How to Build and Install a Bat House

Learn how to build and install a cedar bat box with these plans. Bats have many ecological benefits, including reducing the mosquito population and eliminating pests that ravage organic gardens.

Having bats in your yard will help keep mosquitos and other bugs at bay. One bat house can host up to 50 brown bats who eat thousands of bugs each night! Bats are also effective pollinators, especially for tropical plants like guava and agave. Use these bat box plans to encourage them in your landscape.

You might be surprised to know that the minimum size for a functional bat box is larger than most birdhouses. The finished overall size of this piece is 18 inches wide x 26 inches high x 2-3/4 inches deep, with the accessible inside space measuring 16-1/2 inches wide x 22 inches high x 1-1/2 inches deep.

A cedar bat house installed in a tree.

How to make a cedar bat house.

Learn how to make a cedar bat shelter and install it in your backyard.

Photo by: Emily Fazio

Emily Fazio

Tools and Materials

  • miter saw
  • circular saw
  • drill with 1/16” drill bit and star bit
  • palm router with 1/4” straight bit
  • biscuit joiner
  • wood joinery biscuits
  • clamps
  • speed square
  • level
  • tape measure
  • (3) 6-foot cedar fence boards
  • 1/2” deck screws
  • 3-1/2” deck screws
  • wood glue
  • T-plate bracket
  • stain

1. Trim Cedar Boards to Size

Natural cedar is ideal for a bat roost. We used three 1 x 6 fence panels. Fence panels are typically less expensive than finished cedar boards that are typically used for interior woodwork.

Use a pencil and a speed square to mark 26 inches from the end on one board then stack all three boards to be cut on the chop saw at the same time. Measure 22 inches on the remaining length and then use the chop saw to cut all three boards down to size. These boards will compose the front and back of the bat roost.

2. Attach Boards Using Simple Joinery

Use a wood joiner to attach the two sets of three boards together. The biscuits and wood glue used here work together to create a very strong connection, though there are many joinery options to consider depending on your resources, including pocket screws.

The three shorter boards will align to create the front of the bat house (22 inches long) and longer boards will form the back panel of the bat house (26 inches long).

On the 22-inch boards, avoid placing joinery around 6 inches from the bottom of the boards. A ventilation channel will be routed at this mark and could damage the joint. Place joinery higher and lower on the boards.

3. Create Grooves on the Inside

A rough texture inside the bat box is necessary, making it easy for bats to grab on and nest comfortably in their dwelling. There are a few different ways to create that texture. One method is to staple plastic mesh on the inside of the panels. The alternative — which we used — is to cut small 1/4-inch horizontal grooves in the wood, making a ladder on which the bats can climb and cling.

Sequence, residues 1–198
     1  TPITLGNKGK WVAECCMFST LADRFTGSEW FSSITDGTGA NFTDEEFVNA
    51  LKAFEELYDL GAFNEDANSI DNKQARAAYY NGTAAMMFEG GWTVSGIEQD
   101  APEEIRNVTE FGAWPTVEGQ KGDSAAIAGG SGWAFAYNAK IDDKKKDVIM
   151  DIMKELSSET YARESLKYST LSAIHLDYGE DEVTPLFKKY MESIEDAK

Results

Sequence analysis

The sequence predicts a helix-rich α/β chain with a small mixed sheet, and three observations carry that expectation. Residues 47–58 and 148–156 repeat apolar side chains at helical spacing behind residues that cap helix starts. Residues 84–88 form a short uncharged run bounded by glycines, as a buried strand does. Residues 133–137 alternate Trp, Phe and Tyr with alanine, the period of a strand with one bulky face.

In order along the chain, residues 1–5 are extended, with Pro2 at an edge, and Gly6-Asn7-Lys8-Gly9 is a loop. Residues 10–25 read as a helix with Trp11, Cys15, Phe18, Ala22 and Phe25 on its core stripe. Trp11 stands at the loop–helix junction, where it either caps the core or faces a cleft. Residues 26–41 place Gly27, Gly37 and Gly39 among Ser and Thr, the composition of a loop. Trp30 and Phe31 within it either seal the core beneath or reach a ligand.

A palm router with a 1/4-inch straight bit is perfect for creating horizontal grooves. Use a piece of clamped wood as a straight edge and set the router depth to plunge 1/4-inch deep (the grooves will be 1/4 x 1/4 inch). Continue routing these lines from the top of each panel, towards the bottom.

4. Cut Ventilation Strip

Adjust the router depth to 3/4 inch and use the tool to create a ventilation strip 6 inches from the bottom on the front panel. You may find it easiest to mark the location of the ventilation strip and then re-route the opening once the house is assembled so the straight bit can plunge through easily.

5. Cut and Install Side Walls

Now that you’ve finished the front and back panels of the house, trim the remaining lengths of cedar to size. Use the circular saw to rip the boards in half lengthwise and the miter saw to cut them to size. Use these pieces as the side walls and the roof of the bat house. You will need two 22-inch pieces and one 18-inch length.

Pre-drill the cedar and use galvanized screws to assemble the walls. Lap the corners of the wood and screw through into the front and back panels.

6. Paint or Apply Stain

Dark colors like medium-brown, dark brown or black are recommended for bat houses because they help generate and retain heat from sunlight. Use only latex paint or a natural stain. Bats prefer warmer temperatures, 85 to 100 degrees Fahrenheit. Choose and apply a stain or exterior paint for the bat house.

7. Find the Right Spot and Prep

Location is a big factor to consider when it’s time to install the bat box. The ideal placement is 15 to 10 feet off the ground, mounted on a pole, stand-alone tree or on the side of a building. Position the box to get maximum sun exposure. If you’re installing on a building, be sure there is ground beneath for the droppings to collect (as opposed to allowing them to sit on the roof). If installing on a pole or tree, place a two-foot-wide metal piece below the box, so raccoons, cats and other critters can’t jump over it, but you also have to make sure to place it at least a few feet away from the bat house to allow the bats to drop and fly out of the house.

Use appropriate mounting materials to attach the bat box. To mount it on a tree, attach a T-plate bracket to the back panel and then drill two additional holes for screws in the bottom of the house.

8. Install the Bat House

Use an extension ladder and exercise caution while you install the house. Use a level for accuracy, and a drill to attach the 3-1/2 inch galvanized screws into the tree.

Yes, You Want to Attract Bats to Your Yard and Here's Why

Everyone knows birds and bees help pollinate your landscape, but did you know bats are pollinators too? Not only will they help your garden grow, bats can eat THOUSANDS of insects in just one hour! Buh-bye mosquitoes!

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